In candidate-driven markets like digital and technology, it can be hard to persuade the best talent to join your organisation. Candidates have an increasingly long list of demands beyond pay: they want to work for diverse organisations, they want to work for a company they believe in, and more and more, they want to be able to work flexibly.
It’s true that right now, digital and technology is less of a candidate-driven market than it once was. But this is expected to revert back to how things were in 2019 and early 2020; as the economy recovers (with the digital and tech sectors likely leading the way), the power will be in the hands of candidates once again.
That means you should seriously consider offering hybrid working. Enforced remote working has not been easy, but it’s been proved beyond all doubt that it’s possible, and many millions of employees don’t want to go back to the way things were.
A poll of our LinkedIn followers, for example, found that most would prefer some combination of home and office working – often referred to as hybrid or flexible work – with the most popular choice being three or four days per week working from home.
Below are some important reasons why flexible working is good for your organisation, some of the ways in which you can implement a flexible working regime – and why you should continue to offer flexible working beyond the covid-19 era.
It boosts productivity
Ultimately, improving life for your employees should also improve life for your company. There’s a lot of research out there that says that offering more flexible schedules – moving away from a strict 9-5 and away from mandatory attendance in the office, essentially – improves your workforce’s productivity.
Business Insider quotes Ron Friedman, social psychologist and author of The Best Place to Work: The Art and Science of Creating an Extraordinary Workplace, as saying:
“We have decades of studies showing that people are happier, healthier, and more productive when they feel autonomous. The more autonomous we feel, the more likely we are to be engaged.”
Hiring and retention
We’ve already noted that employees want flexible working. But how does this manifest itself in the employment lifecycle? Research shows that it affects both sides of the coin. Companies that offer flexible working are able to recruit better talent.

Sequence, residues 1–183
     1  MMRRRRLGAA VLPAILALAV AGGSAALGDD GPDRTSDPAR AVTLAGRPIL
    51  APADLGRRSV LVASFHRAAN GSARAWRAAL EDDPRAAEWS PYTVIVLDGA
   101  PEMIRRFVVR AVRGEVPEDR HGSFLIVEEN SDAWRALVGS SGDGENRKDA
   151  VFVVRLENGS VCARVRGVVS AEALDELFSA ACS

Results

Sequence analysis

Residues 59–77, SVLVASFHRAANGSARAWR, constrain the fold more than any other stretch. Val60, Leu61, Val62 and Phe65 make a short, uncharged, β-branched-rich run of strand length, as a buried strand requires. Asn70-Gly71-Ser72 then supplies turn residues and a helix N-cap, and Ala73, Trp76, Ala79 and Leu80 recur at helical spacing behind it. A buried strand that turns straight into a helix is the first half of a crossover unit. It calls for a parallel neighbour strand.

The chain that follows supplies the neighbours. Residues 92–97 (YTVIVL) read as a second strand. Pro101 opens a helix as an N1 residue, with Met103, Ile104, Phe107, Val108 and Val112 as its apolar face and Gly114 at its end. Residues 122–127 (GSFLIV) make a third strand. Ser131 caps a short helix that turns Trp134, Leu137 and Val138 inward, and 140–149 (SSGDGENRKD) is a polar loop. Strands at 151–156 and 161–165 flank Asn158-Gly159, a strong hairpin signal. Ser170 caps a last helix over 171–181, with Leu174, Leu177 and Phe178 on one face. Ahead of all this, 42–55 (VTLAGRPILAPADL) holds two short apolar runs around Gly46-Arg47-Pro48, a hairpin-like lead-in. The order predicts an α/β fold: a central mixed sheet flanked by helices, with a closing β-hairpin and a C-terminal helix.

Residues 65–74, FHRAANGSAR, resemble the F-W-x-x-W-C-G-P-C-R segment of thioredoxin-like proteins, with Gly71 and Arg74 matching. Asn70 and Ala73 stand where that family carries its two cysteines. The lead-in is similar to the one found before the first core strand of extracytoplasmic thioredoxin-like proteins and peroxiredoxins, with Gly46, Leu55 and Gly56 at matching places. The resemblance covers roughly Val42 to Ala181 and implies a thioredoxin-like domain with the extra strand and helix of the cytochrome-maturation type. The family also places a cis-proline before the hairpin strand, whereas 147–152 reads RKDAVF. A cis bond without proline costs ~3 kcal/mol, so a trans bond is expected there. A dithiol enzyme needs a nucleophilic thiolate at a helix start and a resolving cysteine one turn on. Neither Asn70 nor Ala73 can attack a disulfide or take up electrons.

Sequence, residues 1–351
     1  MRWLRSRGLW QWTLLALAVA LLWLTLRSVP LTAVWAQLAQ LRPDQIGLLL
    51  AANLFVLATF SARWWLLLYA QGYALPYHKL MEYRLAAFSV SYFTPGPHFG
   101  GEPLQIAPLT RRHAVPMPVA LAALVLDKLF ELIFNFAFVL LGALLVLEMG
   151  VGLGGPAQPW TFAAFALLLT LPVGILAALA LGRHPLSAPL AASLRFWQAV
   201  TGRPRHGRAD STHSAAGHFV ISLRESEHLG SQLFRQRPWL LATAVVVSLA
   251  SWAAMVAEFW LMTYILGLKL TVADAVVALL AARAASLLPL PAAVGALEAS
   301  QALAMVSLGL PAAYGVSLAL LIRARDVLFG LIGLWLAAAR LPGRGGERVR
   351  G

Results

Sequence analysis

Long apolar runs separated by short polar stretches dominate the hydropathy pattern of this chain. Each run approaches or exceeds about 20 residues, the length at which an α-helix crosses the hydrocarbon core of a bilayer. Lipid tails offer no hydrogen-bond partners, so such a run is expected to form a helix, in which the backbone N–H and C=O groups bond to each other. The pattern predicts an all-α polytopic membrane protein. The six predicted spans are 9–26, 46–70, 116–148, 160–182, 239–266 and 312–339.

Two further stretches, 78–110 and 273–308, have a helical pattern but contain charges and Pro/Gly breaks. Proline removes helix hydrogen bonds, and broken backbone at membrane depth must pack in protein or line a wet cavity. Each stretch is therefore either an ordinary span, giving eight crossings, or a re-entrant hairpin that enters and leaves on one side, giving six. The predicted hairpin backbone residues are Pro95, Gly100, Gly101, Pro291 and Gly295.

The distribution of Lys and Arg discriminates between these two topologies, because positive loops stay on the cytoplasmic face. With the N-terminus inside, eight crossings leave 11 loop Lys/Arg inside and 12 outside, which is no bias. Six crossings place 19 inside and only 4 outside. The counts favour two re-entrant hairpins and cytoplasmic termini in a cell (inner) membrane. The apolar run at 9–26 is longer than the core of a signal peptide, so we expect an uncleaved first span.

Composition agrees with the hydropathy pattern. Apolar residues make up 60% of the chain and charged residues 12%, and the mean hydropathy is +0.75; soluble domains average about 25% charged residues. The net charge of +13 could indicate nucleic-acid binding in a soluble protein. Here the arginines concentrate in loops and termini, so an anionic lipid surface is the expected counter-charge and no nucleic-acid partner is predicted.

And it also improves retention. A Staples study found that two-thirds of employees would consider leaving if hours weren’t flexible enough – and that was before the pandemic. Consider how much more demanding employees will be now. Other research found that companies offering flexible working keep their staff for much longer, too.
It’s also worth noting that health issues, which often come as a result of over-long hours and stress due to lack of flexibility, cost businesses millions.
How to Hybrid
Here’s one of the silver linings of the pandemic. When we first covered this topic, pre-covid-19, there were a lot of uncertainties. Organisations wanting to pursue flexible working had to figure out things like communication, cybersecurity, and how remote/flexible staff would be perceived by the rest of the workforce.
But now, nearly every organisation has been forced to learn – and fast. The entire corporate world has learned how to communicate, through tools like Teams, Zoom and Slack. We’ve learned how to network online and how to shore up cybersecurity for remote work setups. And, of course, the (unfair) social stigma associated with flexible work is no longer there.
What’s more, once things return to normal, you’ll have the best of both worlds. If you need to run a big meeting, or attend a conference, or work securely, you can. But for the rest of the time, you’re free to let your employees work where they want and when they want, within reason.
Hybrid Working or Reduced Work Week?
When we first settled into remote work last spring, there were lots of grand predictions about the end of the office and a complete, 100% move to remote and flexible working.
Now we’ve had a whole year of it, and a more nuanced picture is emerging. Some companies, like Twitter and Facebook, are giving staff the option to work completely remotely if they want – but these are the exception. Most, instead, will offer hybrid working, and this is what staff will come to expect – meaning it should be a core part of your recruitment and retention strategy.
Look at Unilever, for example. The leviathan consumer goods company has asked its more than 150,000 staff about their preferences, according to Nitin Paranjpe, the company’s chief operating officer. Based on those conversations, it has gone beyond remote and flexible working and is looking towards actually cutting the workweek.
Paranjpe said at a recent event that it is “very unlikely” the company will ever go back to a mandatory five days a week, reports Mint. If a company as big and globalised as Unilever can do it, anyone can.
One of the keys is to consider your metrics of success in HR terms. Moving away from old metrics like reducing absenteeism towards an output-based way of thinking may be beneficial. Consider the concept of “trust-based working”.
This involves leaders “assessing employees on their outputs alone, rather than time put in, the World Economic Forum says. The same WEF report says that since remote working came in, productivity in many cases has actually gone up. These things may seem counterintuitive for those ingrained in the old ways – but they are likely to represent the future of work.
Finally, try to consider at all times what works best for employees – because what works for them also works for their employers. On that basis alone, flexible working is here to stay.